A good rule around "down" migrations

Some would say don't bother to write "down" migrations. I argue that if you do, you should follow this rule.

Joel Clermont
Joel Clermont

The concept of a "down" migration is surprisingly controversial in the Laravel community. Some developers go so far as to update the migration stubs to not even include the down() method at all. Their thinking is that rolling back a migration is just a bad idea in general. Instead you should "roll forward" with a new migration.

This tip isn't to argue against that point of view, but instead to address those who are writing down migrations and clarify a rule we enforce around when it is appropriate to run them.

Let's set up an example scenario with an application that has a system for roles and permissions. You're writing a new migration that introduces a completely new role and several new permissions. The down method in that migration removes the role and permissions, as you would expect.

Now let's say you deploy this and immediately the system starts throwing tons of errors. You decide it's best to roll back immediately. Hooray for down migrations, right?

In my experience, this scenario is hopefully extremely rare. What is more likely is that days or weeks later, you notice something more subtle happening that you didn't expect. What do you do now? Would you still roll back that migration?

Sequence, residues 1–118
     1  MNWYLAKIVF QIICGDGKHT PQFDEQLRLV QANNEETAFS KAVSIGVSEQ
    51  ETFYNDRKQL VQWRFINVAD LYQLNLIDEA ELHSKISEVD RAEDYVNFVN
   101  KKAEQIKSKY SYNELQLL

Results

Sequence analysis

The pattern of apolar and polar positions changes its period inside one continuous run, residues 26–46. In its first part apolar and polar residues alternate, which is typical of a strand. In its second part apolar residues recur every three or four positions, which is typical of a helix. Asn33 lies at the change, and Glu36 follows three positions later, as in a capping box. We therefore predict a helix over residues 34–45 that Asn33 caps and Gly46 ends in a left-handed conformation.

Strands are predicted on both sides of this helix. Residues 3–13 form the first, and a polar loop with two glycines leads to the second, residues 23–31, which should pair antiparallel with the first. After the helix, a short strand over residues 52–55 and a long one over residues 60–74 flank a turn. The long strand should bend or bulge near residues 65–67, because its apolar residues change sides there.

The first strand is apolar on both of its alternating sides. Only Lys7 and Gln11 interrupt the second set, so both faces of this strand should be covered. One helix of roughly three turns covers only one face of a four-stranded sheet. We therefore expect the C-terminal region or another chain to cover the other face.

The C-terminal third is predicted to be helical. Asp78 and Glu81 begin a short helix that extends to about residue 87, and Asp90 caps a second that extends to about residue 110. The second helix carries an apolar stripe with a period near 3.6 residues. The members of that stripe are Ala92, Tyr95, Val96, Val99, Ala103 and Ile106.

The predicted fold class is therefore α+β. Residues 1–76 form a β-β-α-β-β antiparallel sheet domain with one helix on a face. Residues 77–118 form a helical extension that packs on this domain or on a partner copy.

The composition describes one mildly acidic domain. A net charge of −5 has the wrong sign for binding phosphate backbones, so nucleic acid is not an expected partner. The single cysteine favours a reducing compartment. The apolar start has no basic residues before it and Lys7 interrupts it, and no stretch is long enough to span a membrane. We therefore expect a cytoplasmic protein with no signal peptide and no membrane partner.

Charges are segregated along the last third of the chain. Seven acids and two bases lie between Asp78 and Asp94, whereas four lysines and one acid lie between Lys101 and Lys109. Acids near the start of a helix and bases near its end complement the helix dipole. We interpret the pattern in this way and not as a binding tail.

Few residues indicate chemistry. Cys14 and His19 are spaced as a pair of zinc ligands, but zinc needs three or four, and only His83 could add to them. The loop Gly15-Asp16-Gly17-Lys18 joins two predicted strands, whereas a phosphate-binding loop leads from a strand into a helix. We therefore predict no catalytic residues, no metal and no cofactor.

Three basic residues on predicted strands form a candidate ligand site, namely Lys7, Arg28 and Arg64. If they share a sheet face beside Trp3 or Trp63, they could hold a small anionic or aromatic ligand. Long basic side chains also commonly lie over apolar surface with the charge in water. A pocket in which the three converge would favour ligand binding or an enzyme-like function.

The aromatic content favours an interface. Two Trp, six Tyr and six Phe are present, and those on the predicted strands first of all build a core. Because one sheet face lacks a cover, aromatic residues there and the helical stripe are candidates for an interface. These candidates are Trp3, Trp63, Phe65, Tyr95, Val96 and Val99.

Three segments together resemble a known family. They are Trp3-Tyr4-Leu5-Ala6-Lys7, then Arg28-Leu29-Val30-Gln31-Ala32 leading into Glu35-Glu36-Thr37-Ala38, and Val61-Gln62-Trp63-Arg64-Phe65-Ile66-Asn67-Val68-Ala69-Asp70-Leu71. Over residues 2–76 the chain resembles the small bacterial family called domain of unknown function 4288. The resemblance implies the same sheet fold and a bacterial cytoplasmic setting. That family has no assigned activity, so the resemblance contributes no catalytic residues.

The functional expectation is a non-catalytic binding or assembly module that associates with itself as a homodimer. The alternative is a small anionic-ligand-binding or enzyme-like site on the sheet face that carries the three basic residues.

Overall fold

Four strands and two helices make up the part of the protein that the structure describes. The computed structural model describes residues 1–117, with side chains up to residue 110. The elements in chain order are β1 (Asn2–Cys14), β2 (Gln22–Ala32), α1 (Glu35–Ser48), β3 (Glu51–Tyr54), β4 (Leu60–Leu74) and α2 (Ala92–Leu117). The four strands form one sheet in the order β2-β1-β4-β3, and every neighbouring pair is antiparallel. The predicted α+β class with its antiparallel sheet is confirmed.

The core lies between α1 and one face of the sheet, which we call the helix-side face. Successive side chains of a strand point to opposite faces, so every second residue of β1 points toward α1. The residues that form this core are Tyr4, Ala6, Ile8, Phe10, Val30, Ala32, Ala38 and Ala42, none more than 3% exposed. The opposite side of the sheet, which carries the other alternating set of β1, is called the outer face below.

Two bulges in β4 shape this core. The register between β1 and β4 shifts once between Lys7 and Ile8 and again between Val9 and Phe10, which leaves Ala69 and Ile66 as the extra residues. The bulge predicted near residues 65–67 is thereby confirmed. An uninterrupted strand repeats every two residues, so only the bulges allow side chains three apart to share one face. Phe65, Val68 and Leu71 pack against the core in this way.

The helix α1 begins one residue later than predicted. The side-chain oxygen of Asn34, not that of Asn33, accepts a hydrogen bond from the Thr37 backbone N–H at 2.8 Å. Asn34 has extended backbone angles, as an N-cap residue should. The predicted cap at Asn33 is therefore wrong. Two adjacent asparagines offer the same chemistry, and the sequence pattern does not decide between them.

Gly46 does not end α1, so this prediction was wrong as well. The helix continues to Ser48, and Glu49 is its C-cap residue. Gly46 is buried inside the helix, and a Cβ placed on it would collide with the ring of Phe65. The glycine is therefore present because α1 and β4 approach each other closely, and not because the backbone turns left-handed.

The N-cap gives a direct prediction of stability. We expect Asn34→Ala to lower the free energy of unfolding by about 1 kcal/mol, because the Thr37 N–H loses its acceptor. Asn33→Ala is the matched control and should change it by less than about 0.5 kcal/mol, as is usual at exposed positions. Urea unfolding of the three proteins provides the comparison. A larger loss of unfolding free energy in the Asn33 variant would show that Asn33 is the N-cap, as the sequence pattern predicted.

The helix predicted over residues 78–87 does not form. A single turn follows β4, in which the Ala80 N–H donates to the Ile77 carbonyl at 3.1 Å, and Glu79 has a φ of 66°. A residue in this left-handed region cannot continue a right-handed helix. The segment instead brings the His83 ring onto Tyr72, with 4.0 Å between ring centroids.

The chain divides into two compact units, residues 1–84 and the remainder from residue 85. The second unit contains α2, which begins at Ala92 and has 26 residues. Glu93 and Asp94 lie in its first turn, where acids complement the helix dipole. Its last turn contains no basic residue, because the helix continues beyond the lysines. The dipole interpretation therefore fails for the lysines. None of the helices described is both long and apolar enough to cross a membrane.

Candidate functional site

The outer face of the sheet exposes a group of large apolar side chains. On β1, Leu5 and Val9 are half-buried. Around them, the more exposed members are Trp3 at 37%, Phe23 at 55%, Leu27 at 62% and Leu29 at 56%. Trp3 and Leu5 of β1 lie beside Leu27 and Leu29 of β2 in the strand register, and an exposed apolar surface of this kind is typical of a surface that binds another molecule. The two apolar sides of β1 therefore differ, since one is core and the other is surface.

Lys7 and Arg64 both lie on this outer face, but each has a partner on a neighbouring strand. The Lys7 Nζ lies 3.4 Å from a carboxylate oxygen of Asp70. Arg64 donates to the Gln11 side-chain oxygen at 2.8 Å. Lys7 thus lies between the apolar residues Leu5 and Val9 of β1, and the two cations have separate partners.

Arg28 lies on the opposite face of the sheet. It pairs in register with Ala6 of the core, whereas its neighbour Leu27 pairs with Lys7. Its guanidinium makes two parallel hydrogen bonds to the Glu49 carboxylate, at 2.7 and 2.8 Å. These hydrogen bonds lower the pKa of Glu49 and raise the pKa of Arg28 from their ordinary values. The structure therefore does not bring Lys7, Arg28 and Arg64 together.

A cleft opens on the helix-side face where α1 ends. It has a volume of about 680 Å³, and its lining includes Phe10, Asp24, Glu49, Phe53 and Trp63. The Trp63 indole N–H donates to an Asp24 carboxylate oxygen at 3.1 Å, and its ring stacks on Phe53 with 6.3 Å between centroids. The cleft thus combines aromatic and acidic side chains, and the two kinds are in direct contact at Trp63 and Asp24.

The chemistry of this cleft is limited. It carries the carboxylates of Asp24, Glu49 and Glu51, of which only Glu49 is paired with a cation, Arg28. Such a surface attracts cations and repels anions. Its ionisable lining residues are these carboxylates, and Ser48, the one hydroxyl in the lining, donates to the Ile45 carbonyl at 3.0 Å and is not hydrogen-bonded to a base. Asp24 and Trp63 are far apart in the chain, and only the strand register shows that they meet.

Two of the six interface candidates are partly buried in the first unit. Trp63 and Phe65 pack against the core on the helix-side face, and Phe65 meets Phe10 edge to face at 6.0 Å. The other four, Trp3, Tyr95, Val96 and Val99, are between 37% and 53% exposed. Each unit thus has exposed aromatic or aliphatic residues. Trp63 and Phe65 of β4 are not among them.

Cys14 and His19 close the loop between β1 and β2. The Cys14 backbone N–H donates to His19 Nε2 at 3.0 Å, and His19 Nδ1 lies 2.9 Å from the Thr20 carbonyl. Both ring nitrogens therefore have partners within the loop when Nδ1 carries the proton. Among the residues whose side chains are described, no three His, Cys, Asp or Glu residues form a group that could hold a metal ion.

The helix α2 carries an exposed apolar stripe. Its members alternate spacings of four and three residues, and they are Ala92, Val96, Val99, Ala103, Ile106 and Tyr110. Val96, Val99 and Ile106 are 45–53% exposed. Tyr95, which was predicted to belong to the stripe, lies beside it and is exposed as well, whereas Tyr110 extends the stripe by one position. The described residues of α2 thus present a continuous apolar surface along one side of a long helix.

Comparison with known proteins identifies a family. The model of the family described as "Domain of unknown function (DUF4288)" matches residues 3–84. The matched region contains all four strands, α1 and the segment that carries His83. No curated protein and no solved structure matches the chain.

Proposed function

I say "No!", that would be disastrous. What's the difference? It's the time that has elapsed. If days or weeks have gone by, all sorts of users may have been assigned to those roles and permissions. So now rolling back would become much more complex, and would destroy data.

So our rule in regard to down migrations in production: only run them within at most a few minutes of the deployment. Beyond that timeframe, you should write a new migration to fix the problem.

Here to help,


P.S. If you want to hear additional reasons why we write down migrations in our Laravel apps, we discussed this in more detail on our podcast.

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